A Basic Summarisation of the Different Trial and their role held by the Jury Nevertheless, the independence of the jury has given recognition from the case of Bushell’s Case (1670), this case established that the jury were the, “sole judges of fact, with the right to give a verdict according to their conscience, and could not be penalized for taking a view of the facts opposed to that of the judge”. This case was a benefit to the legal system, as previously judges would try to intimidate or even bully juries into convicting a defendant, particularly where the crime had political implications.
Therefore the importance of the jury system is that it could acquit a defendant, even when the law demanded a guilty verdict and it showed defendants that the trial by jury was not only a protection against injustice but also a loophole whereby real criminals could escape from “2. Besides that this rule remains today with a more modern examples stating that judges must respect the independence of the jury as in R v McKenna(1960) this case” the judge had threatened the jury, who had been
deliberating for about two and quarter hours, that if they did not return a verdict of guilty within another ten minutes they would be locked up all night”, hence Justice Cassels stated it is a cardinal principle of our criminal law that in considering their verdict, concerning as it does, the liberty of the subject, a jury shall deliberate in complete freedom, uninfluenced by any promised, unintimidated by any threat, because they still stand between the Crown and the subject, and they are still one of the main defences of personal liberty”3.
The Jury System is considered as a need because it is a significance part of the English legal system, although only a minority of the cases is tried by the jury in these days. In a sense it plays an important role in ensuring that the criminal justice system works for the assistance of the public rather than for the benefit of disproportionate leaders.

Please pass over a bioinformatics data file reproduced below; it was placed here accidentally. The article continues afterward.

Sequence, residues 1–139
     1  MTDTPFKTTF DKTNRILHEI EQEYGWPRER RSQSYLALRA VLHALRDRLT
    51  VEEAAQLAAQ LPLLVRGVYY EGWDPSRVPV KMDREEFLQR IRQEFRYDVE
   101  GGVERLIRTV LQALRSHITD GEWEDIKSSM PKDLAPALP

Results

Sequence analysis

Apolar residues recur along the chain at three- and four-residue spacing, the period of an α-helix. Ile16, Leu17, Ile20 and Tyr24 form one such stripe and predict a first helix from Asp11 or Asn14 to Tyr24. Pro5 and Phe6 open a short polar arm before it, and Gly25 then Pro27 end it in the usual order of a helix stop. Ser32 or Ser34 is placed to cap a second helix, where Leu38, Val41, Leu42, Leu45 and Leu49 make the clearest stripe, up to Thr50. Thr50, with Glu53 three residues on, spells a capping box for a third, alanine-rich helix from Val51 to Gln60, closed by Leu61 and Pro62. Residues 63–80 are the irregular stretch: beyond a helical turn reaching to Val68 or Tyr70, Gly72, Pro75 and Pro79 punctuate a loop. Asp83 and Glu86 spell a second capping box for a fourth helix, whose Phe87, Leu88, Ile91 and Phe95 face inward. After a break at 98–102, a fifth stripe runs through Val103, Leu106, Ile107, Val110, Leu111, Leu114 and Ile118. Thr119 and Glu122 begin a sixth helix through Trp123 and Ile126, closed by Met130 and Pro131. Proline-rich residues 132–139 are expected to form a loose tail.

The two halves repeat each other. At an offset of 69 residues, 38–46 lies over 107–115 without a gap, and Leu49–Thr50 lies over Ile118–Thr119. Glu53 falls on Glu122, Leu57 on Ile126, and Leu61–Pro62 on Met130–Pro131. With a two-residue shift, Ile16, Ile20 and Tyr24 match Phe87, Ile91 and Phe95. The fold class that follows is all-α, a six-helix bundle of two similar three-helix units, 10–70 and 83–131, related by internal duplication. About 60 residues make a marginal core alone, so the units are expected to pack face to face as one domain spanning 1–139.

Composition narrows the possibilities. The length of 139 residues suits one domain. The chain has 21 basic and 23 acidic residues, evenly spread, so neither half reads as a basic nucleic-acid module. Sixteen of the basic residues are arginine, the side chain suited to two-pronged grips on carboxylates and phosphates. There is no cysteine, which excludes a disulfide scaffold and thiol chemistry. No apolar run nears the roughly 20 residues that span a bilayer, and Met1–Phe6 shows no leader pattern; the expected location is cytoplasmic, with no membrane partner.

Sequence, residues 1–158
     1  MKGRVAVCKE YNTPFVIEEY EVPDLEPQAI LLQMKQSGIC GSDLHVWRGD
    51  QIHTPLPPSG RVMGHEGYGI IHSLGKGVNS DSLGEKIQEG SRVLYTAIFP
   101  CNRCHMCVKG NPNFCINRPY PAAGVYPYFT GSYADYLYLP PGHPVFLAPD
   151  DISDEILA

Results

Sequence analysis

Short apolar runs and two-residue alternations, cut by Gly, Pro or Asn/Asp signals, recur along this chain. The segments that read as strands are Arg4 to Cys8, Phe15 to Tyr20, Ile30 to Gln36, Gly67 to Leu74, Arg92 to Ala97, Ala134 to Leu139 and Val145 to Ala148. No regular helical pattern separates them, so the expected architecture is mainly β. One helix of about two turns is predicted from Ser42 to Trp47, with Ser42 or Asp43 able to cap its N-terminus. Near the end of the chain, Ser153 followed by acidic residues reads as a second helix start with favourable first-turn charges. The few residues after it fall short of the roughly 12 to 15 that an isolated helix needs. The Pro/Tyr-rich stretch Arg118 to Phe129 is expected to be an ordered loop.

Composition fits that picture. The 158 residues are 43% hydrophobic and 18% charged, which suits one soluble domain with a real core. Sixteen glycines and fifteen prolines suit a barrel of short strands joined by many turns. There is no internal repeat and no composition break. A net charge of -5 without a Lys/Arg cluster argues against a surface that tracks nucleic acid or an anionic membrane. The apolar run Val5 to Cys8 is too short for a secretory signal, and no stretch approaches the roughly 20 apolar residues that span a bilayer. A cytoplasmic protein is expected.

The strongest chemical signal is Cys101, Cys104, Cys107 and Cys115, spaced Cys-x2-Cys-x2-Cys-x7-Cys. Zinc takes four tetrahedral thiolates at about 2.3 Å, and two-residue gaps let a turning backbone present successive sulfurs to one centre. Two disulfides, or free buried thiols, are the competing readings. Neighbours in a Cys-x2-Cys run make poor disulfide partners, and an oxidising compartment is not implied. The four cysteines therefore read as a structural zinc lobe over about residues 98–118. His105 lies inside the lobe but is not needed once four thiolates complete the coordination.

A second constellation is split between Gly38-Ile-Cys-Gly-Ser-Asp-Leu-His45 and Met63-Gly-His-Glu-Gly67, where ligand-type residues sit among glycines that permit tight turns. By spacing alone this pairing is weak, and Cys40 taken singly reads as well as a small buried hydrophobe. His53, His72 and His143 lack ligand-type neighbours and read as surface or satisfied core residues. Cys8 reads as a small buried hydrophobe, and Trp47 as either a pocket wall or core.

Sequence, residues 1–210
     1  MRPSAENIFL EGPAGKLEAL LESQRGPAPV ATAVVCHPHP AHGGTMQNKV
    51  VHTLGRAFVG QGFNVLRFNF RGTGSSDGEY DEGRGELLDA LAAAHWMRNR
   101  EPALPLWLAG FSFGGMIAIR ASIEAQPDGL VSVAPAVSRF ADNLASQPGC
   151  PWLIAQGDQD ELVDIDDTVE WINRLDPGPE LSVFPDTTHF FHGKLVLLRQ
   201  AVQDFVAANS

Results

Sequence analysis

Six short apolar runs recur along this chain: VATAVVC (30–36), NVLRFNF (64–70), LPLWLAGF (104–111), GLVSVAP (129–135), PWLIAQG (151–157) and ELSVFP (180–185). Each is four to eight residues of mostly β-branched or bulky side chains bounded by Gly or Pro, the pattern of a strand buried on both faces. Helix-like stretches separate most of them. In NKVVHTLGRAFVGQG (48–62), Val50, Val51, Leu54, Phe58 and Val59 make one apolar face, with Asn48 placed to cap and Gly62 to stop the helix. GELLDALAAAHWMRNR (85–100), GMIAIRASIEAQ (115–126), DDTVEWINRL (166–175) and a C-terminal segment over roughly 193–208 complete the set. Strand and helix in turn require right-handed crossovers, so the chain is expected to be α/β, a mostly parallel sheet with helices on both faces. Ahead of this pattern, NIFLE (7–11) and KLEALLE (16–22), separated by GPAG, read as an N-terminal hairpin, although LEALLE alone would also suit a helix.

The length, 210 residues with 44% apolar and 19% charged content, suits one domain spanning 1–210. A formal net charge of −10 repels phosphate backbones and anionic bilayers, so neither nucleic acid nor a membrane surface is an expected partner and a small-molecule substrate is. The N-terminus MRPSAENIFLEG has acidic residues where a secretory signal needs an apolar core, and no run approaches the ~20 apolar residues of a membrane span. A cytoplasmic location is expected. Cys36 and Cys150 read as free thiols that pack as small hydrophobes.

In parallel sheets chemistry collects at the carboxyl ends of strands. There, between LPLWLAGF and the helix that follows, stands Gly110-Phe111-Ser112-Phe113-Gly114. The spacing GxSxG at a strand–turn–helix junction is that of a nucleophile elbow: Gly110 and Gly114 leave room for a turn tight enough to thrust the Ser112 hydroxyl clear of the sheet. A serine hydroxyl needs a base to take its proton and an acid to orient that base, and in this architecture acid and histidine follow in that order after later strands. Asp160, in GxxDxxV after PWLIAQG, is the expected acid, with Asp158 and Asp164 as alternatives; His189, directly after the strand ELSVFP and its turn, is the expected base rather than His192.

It promotes not only a fair criminal justice system but also a healthy society, where political leaders cannot misuse criminal justice system to silence their opponents, hence according to LORD DEVLIN which he has wrote on 1956 “trial by Jury is more than an Instrument of Justice and more than a wheel of the Constitution; it is the lamp that shows that freedom lives”4. Moreover, as many scholars and practitioners have commented over the centuries, the common law jury that develops in Britain was branched in other parts of the world as a UNIQUE INSTITUTION.
Therefore Juries are, it brings all together a small group of lay people whom are assembled on a temporary basis for the purpose of deciding whether an accused person is guilty of CRIMINAL act or which of two sides should prevail in a CIVIL dispute. Hence, the jurors are untutored in the formal discipline of law and its logic, besides that they hear and see confusing and challenging evidence and they were provided with instructions, most of the time only in a oral form, about easily understood legal concepts and sent into a room alone to decide a verdict without further help from the professional persons who developed the evidence.